The story of Jesus being anointed appears in all four gospels, but in different ways. In Matthew and Mark, Jesus has perfume poured over his head by Mary. In Luke’s gospel, he’s eating at the home of a Pharisee when a woman who is a known sinner, walks in, cries at his feet, pours ointment on his feet and dries it with her hair. The other guests start to wonder about Jesus, “Doesn’t he know who’s washing his feet? The character of the woman who’s touching him?” But who’s more grateful, Jesus asks, someone who has sinned a lot and therefore needs—and receives—a lot of forgiveness—or someone like us, I mean, the Pharisees, who never step out of line?
It is the sinner who is showing Jesus kindness, not the Pharisee. It is her example of extravagance that Jesus lifts up to the other guests.
What do we do extravagantly around here? What do we, as a church, spend a lot of money on? What risks do we take? When was the last time you spent a lot of money just to smell good? I can tell you when I did. NEVER.
Now look at the model that Jesus is holding up for us. Look whom Jesus is defending. Not Judas—the one who’s careful, logical and pragmatic. But maybe, maybe we’re stretching into extravagance…maybe…we’ve been doing Community Breakfasts for two years now…we just passed our second anniversary…and the crew is taking such delight in feeding hungry people and working together…that they’re thinking…maybe…we should try something bigger and better, more festive, more feast-like for our next Community Breakfast, the day before Easter. It’s hard for us though, isn’t it? Don’t we believe that the faithful thing is to fill the most bellies for the least cost? Would we support the Oshkosh Area Community Pantry if they only handed out rib eye steaks and baked Alaska? Judas would certainly be against such extravagance!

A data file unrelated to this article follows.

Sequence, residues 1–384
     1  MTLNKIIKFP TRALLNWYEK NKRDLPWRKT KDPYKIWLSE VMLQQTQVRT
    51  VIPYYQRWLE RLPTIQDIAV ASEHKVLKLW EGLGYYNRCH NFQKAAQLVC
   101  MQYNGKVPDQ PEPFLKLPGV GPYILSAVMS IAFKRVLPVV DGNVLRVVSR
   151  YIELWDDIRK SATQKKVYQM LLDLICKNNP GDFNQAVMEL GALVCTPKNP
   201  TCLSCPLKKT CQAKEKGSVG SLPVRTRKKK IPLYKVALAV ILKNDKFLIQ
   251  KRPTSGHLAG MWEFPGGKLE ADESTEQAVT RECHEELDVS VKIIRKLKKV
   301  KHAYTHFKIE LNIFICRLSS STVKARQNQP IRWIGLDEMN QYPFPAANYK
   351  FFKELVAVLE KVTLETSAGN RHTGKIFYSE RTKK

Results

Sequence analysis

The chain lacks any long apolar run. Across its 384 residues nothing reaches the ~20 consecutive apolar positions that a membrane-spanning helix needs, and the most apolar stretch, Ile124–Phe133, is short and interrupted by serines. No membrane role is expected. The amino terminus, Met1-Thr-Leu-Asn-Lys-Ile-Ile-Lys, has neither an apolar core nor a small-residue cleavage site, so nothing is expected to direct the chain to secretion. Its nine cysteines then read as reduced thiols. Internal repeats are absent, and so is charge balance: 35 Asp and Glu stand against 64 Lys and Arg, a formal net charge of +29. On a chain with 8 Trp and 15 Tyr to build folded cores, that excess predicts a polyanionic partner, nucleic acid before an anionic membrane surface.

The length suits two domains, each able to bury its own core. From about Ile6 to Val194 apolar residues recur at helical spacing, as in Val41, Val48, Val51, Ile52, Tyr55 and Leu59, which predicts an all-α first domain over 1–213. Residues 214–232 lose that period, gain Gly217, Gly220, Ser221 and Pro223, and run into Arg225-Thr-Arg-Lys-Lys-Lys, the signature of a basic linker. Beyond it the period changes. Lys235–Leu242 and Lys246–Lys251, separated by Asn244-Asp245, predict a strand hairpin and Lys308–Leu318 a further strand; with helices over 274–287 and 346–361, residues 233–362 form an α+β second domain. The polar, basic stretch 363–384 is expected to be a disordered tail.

And in the midst of this conversation, Jesus says, “You always have the poor with you, you don’t always have me.” And this, Houston Hodges believes, is the most misunderstood and misquoted passage in scripture. It’s commonly understood to mean that whether we seek to help poor people, or ignore them completely it won’t make any difference—whatever we do they will always be with us! Jesus said so. And if we believe our efforts won’t make a difference, then of course we shouldn’t spend any money on people who are less fortunate than we are—which is about 95% of the people on earth!
Judas is a miser. Jesus is a spendthrift. [I looked up “spendthrift;” one of its synonyms is “prodigal.”] We’re the miser. Jesus is telling us to loosen up—or at the very least he’s telling us that on occasion it’s ok to be extravagant. Like when he was preparing his friends for his death and burial.
God shows that kind of extravagance with Creation. If you doubt it, come to my house Memorial Day weekend and look at the maple seeds filling the gutters! Isaiah speaks of God offering rivers in the wilderness. Not trickles, not streams, which is the sort of thing that appears after a good rain, but rivers, enough water to satisfy thirsty people!
God says through Isaiah, “I’m doing something brand new, don’t you get it?” It’s not like something you’ve ever seen before. And when something is this radically new, this lavish, this crazy comes along—the best response any of us can make is to be extravagant in return. OK. OK. I know it’s hard to be extravagant with money. It’s wasteful, which is practically sinful to us. But how else can we be extravagant? How else can we respond to the radical newness God offers us in Christ through his death and resurrection? How about with praise? Or with patience? Or with going out of your way to thank someone?
One of the first impressions Christians made on other people was the extravagant way they loved each other. Our joy at being together and worshipping and praising God together drew the attention of outsiders. It was our extravagance that got us our first good press. No one said, “Look how well organized their Session meetings are!” They said, “See how they love each other!”
Look at how Mary loved Jesus. Smell how Mary loved Jesus.
Can you love Jesus that way? Can you love the one whose burial we smell coming this morning?